Those with a lower credit score may find it more feasible to rent from a landlord with a smaller portfolio, as large property management companies are typically more likely to do a credit check. This could result in the need for a larger initial payment. A co-signer with a good credit record might give a landlord assurance that the rent will be paid each month.
Security Requirement for Utilities
Security deposits are sometimes requested by utility companies for service activation. These amounts are paid up front as a guarantee that all bills will be paid in full. Therefore, customers are often required to pay a certain amount prior to the start of service.
When signing up for utilities, the company looks over your credit report, particularly your payment history. If you have a bad track record with payments, they may require a deposit to set up your account.
The Federal Trade Commission (FTC) stipulates that utility companies cannot require deposits from some new customers and not others. However, many providers waive deposits based on meeting their credit criteria. Thus, the lower your credit score is, the more probable it is that you will need to pay a deposit to open an account. Additionally, some utility companies may accept a letter of guarantee, which is a document from someone who has consented to cover your bill in the event you are unable to make the payment.
Rejected Job Applications
Attempting to get a job and having unsuccessful applications can be a discouraging experience. Nevertheless, it is important to keep in mind that failure is a natural part of the process and that one should not give up. Learning from the mistakes made and continuing to apply for job opportunities is the best way to get closer to achieving your goal.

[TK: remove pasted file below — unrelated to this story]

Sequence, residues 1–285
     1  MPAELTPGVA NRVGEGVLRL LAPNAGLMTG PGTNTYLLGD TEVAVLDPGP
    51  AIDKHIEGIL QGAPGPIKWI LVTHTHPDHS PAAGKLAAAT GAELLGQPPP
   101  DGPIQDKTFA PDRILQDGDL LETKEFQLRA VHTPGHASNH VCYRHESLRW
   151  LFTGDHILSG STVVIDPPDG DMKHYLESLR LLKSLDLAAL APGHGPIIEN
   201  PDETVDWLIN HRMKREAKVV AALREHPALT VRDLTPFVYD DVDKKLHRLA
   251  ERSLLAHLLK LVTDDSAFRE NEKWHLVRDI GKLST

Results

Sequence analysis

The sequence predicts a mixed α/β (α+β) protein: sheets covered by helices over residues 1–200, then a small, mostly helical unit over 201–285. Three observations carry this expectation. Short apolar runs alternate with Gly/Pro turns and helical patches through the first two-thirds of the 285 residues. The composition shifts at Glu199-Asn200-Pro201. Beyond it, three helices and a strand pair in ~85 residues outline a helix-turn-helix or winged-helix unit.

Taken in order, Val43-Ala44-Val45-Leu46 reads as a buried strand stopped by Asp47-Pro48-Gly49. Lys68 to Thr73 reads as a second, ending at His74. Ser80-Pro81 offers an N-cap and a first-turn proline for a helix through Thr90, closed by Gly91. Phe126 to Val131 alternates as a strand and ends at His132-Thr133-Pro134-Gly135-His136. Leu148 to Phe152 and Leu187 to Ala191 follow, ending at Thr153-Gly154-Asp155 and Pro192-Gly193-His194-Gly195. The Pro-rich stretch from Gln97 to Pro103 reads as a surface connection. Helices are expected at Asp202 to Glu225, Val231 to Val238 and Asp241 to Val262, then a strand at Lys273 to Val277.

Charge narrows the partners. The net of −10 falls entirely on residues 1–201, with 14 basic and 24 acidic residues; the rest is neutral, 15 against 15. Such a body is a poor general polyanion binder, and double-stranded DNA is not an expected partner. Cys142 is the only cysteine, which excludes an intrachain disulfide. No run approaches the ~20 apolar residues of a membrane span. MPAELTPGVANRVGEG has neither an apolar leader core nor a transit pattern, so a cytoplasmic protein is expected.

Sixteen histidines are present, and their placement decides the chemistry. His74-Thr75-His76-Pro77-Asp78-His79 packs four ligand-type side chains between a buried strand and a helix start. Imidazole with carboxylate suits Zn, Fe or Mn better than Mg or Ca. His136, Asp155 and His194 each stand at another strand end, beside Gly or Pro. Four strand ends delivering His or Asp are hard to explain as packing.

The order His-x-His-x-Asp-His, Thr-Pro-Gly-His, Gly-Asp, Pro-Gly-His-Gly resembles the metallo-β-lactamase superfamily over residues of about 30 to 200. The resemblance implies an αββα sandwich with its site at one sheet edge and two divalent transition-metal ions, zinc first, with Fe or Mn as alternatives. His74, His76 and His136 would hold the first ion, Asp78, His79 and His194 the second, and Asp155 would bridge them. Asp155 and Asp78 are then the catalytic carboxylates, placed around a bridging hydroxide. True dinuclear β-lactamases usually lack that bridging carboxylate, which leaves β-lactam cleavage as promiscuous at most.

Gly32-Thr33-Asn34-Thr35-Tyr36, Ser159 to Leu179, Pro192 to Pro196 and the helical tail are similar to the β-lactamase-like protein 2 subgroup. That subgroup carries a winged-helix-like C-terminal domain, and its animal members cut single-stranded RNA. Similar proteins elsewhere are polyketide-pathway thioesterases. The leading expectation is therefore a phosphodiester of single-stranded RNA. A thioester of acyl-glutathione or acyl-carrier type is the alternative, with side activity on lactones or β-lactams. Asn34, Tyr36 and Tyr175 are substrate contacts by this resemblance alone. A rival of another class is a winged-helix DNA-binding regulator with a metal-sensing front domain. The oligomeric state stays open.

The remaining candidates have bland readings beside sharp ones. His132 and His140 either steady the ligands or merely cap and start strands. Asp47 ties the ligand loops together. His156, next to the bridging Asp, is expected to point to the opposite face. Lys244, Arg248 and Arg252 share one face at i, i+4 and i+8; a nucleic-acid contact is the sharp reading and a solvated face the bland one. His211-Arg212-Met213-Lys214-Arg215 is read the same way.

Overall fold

When looking for a job, a person’s credit score can be a deciding factor in whether or not they are hired. Employers may look at an applicant’s credit history to get an idea of how dependable and trustworthy they are. If the credit report shows an individual has had difficulty with payments or has a history of not paying back loans, this can be seen as a warning sign to employers that they may not be reliable employees.
Starting a Business Can be a Challenge
You often have to spend money in order to make money, especially if you’re starting a business. Unfortunately, if your credit score is low, it can be difficult to obtain a business loan or credit card with appealing rates. Even if you can get a loan with a low credit score, you are likely to receive a lower loan amount and higher interest rates than if you had a better credit score.
So, to sum up:
Having a bad credit score can be a hindrance when applying for credit cards, loans and mortgages, and can even have an impact on your job prospects. However, there are multiple ways to improve your credit history and build your credit score. Start by making all your payments on time for every credit card and work on paying off old debt. Applying for a secured credit card or personal loan is another way to build up a positive credit history and increase your available credit. You should see an improvement in your credit score as you practice good credit habits and use credit responsibly.
Thank you for reading our article. We hope you learned new ways to battle creditors and banks while protecting yourself.
We would encourage you to become a member of HigherScoreNow.com and start to leverage all the benefits of having good credit. You deserve this.